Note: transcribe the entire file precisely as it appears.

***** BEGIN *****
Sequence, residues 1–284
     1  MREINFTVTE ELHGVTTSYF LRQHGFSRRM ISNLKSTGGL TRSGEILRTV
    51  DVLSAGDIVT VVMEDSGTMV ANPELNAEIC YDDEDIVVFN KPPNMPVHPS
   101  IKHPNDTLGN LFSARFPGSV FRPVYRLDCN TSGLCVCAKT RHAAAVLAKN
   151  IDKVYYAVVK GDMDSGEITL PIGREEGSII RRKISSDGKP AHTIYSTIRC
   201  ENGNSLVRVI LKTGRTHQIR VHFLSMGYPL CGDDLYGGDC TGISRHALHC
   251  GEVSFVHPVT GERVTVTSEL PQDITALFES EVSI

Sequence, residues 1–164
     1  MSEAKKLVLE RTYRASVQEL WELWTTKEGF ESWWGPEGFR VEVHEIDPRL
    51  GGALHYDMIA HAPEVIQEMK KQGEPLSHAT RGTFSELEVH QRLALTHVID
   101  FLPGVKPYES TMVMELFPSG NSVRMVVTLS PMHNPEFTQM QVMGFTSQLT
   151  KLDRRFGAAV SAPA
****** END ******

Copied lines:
Sequence, residues 1–284
     1  MREINFTVTE ELHGVTTSYF LRQHGFSRRM ISNLKSTGGL TRSGEILRTV
    51  DVLSAGDIVT VVMEDSGTMV ANPELNAEIC YDDEDIVVFN KPPNMPVHPS
   101  IKHPNDTLGN LFSARFPGSV FRPVYRLDCN TSGLCVCAKT RHAAAVLAKN
   151  IDKVYYAVVK GDMDSGEITL PIGREEGSII RRKISSDGKP AHTIYSTIRC
   201  ENGNSLVRVI LKTGRTHQIR VHFLSMGYPL CGDDLYGGDC TGISRHALHC
   251  GEVSFVHPVT GERVTVTSEL PQDITALFES EVSI

Sequence, residues 1–164
     1  MSEAKKLVLE RTYRASVQEL WELWTTKEGF ESWWGPEGFR VEVHEIDPRL
    51  GGALHYDMIA HAPEVIQEMK KQGEPLSHAT RGTFSELEVH QRLALTHVID
   101  FLPGVKPYES TMVMELFPSG NSVRMVVTLS PMHNPEFTQM QVMGFTSQLT
   151  KLDRRFGAAV SAPA